The HMS Wager: The History of the 18th Century's Most Famous Shipwreck and Mutiny (Paperback)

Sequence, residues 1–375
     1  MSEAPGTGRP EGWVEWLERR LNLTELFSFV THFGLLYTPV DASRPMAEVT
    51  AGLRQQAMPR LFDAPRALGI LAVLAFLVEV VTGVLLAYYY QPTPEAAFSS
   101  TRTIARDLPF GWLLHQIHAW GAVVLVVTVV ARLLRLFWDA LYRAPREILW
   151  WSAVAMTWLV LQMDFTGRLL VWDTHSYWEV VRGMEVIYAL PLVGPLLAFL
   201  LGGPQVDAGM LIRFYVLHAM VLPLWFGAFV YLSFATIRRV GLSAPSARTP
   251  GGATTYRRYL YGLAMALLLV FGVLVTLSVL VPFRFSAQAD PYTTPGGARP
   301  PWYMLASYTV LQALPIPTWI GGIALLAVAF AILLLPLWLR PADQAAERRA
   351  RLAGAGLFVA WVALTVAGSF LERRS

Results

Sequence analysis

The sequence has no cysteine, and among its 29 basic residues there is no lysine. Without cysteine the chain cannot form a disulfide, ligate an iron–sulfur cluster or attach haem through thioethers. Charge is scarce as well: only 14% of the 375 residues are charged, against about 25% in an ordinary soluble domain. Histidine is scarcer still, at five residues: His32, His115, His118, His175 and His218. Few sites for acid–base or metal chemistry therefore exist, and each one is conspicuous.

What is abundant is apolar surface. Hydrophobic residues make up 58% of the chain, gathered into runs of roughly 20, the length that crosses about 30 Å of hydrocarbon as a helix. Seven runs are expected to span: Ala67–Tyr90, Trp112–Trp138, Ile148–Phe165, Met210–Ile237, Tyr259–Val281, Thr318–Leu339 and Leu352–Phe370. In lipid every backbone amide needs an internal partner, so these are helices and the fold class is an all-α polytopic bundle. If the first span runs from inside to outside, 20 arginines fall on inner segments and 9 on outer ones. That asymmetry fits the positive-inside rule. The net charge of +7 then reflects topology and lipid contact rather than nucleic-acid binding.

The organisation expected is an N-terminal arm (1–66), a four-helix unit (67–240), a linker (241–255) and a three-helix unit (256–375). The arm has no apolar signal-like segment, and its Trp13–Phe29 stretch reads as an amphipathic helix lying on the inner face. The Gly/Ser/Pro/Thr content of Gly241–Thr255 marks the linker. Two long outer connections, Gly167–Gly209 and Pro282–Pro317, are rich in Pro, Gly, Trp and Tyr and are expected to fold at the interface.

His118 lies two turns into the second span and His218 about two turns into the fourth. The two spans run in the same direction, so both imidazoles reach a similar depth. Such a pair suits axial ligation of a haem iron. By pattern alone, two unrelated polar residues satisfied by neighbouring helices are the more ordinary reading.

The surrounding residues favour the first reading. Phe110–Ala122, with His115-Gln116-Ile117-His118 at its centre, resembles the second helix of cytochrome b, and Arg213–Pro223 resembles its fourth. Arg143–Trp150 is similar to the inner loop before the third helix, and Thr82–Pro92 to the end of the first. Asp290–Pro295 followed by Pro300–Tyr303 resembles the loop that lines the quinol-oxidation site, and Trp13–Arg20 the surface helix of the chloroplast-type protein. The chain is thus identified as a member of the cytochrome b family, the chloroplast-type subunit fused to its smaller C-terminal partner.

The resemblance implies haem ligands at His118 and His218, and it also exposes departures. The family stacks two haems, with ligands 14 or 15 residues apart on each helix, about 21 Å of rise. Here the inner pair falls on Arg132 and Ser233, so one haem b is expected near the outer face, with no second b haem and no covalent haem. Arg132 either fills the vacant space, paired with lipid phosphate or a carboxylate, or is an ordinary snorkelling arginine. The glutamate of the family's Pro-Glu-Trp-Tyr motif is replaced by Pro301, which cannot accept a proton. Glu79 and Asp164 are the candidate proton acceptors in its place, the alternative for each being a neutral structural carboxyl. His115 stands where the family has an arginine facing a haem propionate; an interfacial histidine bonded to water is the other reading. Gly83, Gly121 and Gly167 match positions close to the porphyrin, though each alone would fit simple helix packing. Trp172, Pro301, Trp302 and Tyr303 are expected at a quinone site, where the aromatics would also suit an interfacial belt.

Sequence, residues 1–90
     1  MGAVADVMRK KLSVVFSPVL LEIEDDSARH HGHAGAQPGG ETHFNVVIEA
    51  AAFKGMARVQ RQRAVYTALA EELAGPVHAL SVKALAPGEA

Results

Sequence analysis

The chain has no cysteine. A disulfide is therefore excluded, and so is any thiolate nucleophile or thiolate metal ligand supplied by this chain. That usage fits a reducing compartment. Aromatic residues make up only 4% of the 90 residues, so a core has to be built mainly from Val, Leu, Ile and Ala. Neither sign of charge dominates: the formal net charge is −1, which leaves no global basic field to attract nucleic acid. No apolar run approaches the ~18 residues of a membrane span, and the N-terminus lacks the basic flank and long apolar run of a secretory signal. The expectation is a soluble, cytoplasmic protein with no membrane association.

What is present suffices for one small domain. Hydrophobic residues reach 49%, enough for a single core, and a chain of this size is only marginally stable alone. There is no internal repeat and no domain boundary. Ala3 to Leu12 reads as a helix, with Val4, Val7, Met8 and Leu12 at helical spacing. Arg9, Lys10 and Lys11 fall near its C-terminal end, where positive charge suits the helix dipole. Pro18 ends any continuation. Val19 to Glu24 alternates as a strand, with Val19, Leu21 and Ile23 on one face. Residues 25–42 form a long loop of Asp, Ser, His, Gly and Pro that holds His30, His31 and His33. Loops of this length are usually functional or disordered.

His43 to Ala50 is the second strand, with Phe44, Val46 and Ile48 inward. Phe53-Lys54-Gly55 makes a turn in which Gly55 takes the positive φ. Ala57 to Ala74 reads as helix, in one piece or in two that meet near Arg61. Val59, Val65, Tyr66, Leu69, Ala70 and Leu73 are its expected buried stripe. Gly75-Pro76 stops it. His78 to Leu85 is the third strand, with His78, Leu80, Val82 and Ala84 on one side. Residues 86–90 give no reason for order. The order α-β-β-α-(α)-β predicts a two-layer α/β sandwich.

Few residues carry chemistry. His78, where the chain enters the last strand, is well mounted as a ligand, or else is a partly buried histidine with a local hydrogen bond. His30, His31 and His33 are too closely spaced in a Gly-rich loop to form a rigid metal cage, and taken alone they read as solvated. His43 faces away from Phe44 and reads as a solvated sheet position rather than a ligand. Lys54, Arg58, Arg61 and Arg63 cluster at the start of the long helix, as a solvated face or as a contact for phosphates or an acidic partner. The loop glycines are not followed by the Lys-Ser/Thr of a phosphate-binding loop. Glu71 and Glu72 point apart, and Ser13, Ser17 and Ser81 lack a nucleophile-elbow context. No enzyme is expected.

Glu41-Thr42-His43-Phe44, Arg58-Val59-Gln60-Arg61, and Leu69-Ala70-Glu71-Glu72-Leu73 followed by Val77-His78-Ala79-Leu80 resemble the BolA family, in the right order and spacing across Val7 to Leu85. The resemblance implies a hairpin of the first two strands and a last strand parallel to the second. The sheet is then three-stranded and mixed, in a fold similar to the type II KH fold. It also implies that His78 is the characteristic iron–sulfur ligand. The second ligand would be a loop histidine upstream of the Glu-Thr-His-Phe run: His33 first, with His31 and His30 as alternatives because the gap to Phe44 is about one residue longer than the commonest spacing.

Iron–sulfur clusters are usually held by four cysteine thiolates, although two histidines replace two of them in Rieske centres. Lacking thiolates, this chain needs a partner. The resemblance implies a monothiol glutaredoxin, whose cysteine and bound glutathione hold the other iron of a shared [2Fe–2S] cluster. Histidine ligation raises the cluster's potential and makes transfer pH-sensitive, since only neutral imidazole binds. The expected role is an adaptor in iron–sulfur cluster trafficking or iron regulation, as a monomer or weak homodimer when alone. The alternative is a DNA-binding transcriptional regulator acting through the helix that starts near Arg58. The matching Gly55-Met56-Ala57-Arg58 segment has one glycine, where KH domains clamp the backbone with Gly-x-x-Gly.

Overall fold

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*Includes pictures *Includes accounts of the shipwreck and mutiny by various crewmembers *Includes online resources and a bibliography for further reading *Includes a table of contents "Whereas upon a General Consultation, it has been agreed to go from this Place through the Streights of Magellan, for the coast of Brazil, in our way for England: We do, notwithstanding, find the People separating into Parties, which must consequently end in the Destruction of the whole Body; and as also there have been great robberies committed on the Stores and every Thing is now at a Stand; therefore, to prevent all future Frauds and Animosoties, we are unanimously agreed to proceed as above-mentioned." - John Bulkley, gunner on the HMS Wager "I cannot suppose the Captain will refuse the signing of it; but he is so self-willed, the best step we can take, is to put him under arrest for the killing of Mr. Cozens. In this case I will, with your approbation, assume command. Then our affairs will be concluded to the satisfaction of the whole company, without being any longer liable to the obstruction they now meet from the Captain's perverseness and chicanery." - Lieutenant Robert Baynes, second-in-command on the HMS Wager Mention the 18th century Royal Navy and visions come to mind of swashbuckling sailors swinging from rope to rope while a red-faced captain in an even redder coat and a powdered wig shouts order and pitches fits. Such visions, largely shaped by Hollywood pictures such as the popular Pirates of the Caribbean franchise, naturally fail to do full justice to a group of men who functioned, with little direction and even less support, on the seas for years at a time. Disney may enjoy portraying them sitting down to sumptuous feasts or cavorting with scantily clad native girls, but the opposite was true; the men were almost always hungry, with even the best meals consisting of little more than bread, beans, and a bit of meat on the side if the voyage was still in its early days. Likewise, those stranded on islands were not met by pretty native girls bearing coconut cream pies but instead cold and wind and an unremitting surf that drove away both flora and fauna. Those who doubt this reality or unfamiliar with it need only consult the journals and records of the officers and crew of the HMS Wager, who sailed from England to fight the Spanish in 1741 and instead ended up fighting for their lives. These men, many of whom were already long past the normal age of service, endured short rations and rough seas for months, only to end up shipwrecked on an island off of South America. Many died during the wreck, as did many others who were marooned, only to discover it bare of almost all supplies necessary for survival. On top of those tribulations, mutinous men rose up violently against their captain and made their way across more than 2,000 miles of tossing seas in an open boat. Their trip was characterized not just by hardship and hunger but also by that most dastardly of crimes - betrayal - as their leaders again and again chose their own good over that of their men. Of the almost 100 men that set out on the Wager, only a handful made it home, and even then they returned not together but piecemeal after having been separated by their troubles. When they finally did make their way back to England, they came home not to a hero's welcome but numerous questions and ultimately a court martial. For a number of reasons, ranging from lack of evidence to prosecutorial reluctance, the men were not convicted of any crimes; in fact, most of the survivors went on to have successful careers in the British Navy and other endeavors. However, no rational person could ever claim that they got away unpunished, for surely the sights of friends dying slowly of starvation and dead bodies piled on beaches for carrion to attack were tougher punishments than the Admiralty could ever mete out on them.